My oldest son came home from school beaming. “I got picked first in gym today and my team won!”
The look on his face reflected the wince I was trying to hide.
I should have been happy, right? The fact that he was picked first means that he is athletic and popular. It means that he is good at making friends and fitting in–all the things that I never could figure out how to be when I was a kid.
And I am happy about those things. Because I know that he is able to do them without compromising (much) of who he truly is.
But what about my other kids? My lanky 9.5-year-old son who still plays with stuffed animals and cries when his feelings are hurt? Whose two best friends are the ones who will re-enact superhero scenes with him over and over while the other boys spend recess in competitive volley ball scrimmages and cut throat games of kickball?
Or my daughter? The almost 6-year-old girl with a waist length knot of auburn waves who prefers mud baths to bubble baths and nature shows to princess movies? The one who spends her recesses tearing across the playground on her own, trying her best to expend that wild energy that’s been held captive in her all school day?
Will they ever be picked first or will they, like their mother before them, be doomed to hang with the other outcasts and misfits, hoping against all hopes not to be chosen last… AGAIN.
Bullying seems to be this generation’s “War Against Drugs.” It’s the insidious enemy that every kid is armed against from the very first day of school. Kids are taught to stand up for themselves and for others, too. And, if all else fails, tell a teacher.
Is it working? Who knows. What I do know is that the only bullying I’ve had to deal with thus far was done by my oldest son. From what I could piece together, it seems that my son stood by silently while one of his friends harassed a classmate. This incident led to an emotional and in-depth discussion about all the many forms bullying can take..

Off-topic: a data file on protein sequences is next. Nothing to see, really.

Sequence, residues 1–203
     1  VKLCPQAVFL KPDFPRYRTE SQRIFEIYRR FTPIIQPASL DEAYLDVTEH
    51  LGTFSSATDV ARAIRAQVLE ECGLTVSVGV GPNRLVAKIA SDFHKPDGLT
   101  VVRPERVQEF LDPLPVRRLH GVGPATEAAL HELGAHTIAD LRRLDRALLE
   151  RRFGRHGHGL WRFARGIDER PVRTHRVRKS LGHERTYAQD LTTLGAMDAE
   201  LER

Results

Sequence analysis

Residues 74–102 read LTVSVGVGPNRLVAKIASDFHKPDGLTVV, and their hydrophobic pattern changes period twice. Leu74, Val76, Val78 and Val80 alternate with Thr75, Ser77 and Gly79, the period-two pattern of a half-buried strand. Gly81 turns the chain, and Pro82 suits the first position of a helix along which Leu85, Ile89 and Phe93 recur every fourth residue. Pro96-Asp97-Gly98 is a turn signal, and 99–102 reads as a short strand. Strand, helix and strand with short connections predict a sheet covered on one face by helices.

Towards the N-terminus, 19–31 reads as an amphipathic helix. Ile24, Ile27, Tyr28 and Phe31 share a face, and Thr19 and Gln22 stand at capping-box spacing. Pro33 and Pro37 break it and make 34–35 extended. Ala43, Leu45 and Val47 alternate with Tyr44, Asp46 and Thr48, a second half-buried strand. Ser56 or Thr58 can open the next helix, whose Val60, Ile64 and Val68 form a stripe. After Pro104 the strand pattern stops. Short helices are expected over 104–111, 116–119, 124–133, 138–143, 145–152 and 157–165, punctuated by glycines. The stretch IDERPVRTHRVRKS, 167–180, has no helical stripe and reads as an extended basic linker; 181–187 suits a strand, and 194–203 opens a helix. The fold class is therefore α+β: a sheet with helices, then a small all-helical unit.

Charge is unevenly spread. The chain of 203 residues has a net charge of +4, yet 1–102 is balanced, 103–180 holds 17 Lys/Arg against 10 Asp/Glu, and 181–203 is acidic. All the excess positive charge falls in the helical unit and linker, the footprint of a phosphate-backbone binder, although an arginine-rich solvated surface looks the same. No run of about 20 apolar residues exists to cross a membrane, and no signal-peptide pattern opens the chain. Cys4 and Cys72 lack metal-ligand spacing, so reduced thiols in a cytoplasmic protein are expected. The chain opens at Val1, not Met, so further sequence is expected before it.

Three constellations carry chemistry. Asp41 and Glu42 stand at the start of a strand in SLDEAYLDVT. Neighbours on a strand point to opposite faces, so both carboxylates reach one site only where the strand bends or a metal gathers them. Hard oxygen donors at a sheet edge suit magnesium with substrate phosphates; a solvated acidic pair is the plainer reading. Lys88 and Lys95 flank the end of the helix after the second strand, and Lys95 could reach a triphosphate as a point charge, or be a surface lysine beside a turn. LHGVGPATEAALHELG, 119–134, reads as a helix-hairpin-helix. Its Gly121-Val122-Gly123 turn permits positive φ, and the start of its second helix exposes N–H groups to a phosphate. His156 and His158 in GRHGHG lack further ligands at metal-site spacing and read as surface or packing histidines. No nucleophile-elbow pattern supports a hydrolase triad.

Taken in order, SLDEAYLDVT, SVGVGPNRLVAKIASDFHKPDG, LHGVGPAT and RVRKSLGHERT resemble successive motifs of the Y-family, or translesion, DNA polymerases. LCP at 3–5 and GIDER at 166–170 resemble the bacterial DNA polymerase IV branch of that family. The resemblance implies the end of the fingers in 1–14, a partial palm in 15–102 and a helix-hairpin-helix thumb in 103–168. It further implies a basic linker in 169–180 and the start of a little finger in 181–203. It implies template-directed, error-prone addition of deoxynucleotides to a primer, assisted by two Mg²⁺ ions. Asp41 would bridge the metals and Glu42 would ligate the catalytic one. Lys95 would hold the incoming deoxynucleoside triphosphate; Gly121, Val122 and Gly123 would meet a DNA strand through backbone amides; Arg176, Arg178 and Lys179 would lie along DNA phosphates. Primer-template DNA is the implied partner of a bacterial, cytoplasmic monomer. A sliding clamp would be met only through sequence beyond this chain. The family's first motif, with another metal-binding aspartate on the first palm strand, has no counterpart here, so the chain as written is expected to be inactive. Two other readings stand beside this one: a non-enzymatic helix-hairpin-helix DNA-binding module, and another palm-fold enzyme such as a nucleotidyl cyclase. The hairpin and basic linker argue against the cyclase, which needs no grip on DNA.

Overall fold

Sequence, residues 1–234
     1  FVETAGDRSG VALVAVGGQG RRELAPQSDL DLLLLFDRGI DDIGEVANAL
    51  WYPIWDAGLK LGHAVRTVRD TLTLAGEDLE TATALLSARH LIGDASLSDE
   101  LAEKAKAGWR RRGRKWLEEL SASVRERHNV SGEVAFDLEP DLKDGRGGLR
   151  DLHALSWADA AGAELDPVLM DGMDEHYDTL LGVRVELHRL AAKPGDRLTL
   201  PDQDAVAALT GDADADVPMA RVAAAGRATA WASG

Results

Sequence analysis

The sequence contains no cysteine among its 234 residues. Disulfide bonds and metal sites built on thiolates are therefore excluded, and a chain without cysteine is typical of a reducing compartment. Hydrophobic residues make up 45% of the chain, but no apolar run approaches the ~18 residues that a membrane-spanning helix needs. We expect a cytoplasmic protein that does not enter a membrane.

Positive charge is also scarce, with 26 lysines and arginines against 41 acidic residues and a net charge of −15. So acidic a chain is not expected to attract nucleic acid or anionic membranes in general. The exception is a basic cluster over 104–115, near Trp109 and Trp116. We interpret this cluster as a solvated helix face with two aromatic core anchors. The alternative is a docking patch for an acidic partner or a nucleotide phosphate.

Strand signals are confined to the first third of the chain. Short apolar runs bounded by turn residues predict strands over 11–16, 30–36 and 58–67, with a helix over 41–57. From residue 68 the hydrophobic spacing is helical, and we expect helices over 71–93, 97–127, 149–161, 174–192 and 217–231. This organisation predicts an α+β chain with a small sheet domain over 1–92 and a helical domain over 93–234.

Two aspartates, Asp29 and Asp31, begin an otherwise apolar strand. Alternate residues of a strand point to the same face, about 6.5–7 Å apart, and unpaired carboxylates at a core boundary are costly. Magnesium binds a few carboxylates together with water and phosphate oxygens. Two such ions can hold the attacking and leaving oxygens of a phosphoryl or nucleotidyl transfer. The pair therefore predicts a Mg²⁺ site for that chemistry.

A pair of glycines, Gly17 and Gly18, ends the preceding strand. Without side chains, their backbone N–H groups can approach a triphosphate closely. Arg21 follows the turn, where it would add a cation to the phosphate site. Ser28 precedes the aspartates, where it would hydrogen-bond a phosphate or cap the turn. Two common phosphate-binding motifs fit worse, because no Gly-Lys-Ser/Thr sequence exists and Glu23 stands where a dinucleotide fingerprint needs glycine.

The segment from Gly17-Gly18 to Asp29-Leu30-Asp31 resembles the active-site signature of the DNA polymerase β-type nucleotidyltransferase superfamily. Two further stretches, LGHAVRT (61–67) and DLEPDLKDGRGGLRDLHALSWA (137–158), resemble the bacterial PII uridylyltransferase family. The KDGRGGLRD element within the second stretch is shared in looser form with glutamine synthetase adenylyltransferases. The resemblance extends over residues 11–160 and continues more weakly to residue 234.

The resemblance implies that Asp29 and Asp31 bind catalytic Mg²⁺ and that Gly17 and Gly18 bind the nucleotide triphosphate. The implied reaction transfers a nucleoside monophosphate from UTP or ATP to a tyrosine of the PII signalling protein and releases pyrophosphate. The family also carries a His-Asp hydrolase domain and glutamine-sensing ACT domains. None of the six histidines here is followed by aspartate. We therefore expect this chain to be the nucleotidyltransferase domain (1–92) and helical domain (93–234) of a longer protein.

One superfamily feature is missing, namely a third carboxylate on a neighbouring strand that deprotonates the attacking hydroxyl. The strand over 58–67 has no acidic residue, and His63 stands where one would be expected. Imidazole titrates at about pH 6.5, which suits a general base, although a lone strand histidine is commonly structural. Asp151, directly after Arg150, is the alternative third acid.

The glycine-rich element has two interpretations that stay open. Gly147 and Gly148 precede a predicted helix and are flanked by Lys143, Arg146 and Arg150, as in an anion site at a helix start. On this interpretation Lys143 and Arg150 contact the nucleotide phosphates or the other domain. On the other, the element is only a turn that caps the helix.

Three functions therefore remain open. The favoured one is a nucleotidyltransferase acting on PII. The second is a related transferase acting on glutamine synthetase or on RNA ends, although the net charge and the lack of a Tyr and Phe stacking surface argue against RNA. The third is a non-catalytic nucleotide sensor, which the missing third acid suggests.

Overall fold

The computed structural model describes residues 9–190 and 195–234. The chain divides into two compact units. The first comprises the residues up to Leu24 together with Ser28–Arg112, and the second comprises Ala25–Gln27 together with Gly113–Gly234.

This is something that, as an 11-year-old, my son is still learning. But, what I can’t understand is how a school system that should be so keenly aware of how bullying happens would still allow kid’s popularity and athletic skills to be ranked in such a public manner.
My son and I talked a little more about how the teams were picked. As I suspected, the popular kids were the ones who were picked first, followed by the athletic ones, then the girls (regardless of if they fit into either of those categories), and finally, the “derpy” kids…whatever that means.
Our conversation caused me to launch into my 500th speech about how those kids that might not seem cool right now will inevitably grow up to be more successful and more interesting than the popular kids
He listened for a while and then he looked at me with a strange expression.
“What about me, Mom? I’m popular. Are you saying I won’t grow up to be cool?”
There is a particular struggle that parents who were unpopular as kids go through when they are raising “popular” kids. It was a struggle that was brought front and center by that question.
I stumbled and backtracked and finally ended up giving him some sort of half-hearted reassurance that his popularity was a good thing… or at least not a bad one.
We talked a little more about how it felt to be picked first. He told me that, even more than being the first chosen kid, he liked to be the team captain. Because then, not only could he pick the best athletes, but he could also make sure that the same kids weren’t chosen last every time.
The truth is that it’s nice to be well liked. It’s nice to be picked first in gym class. It’s nice to be popular. It’s just not what’s most important.
What’s most important is being true to yourself and accepting and being kind to others. It is a lucky kid who can have all of those things. I think I may just be raising one lucky kid.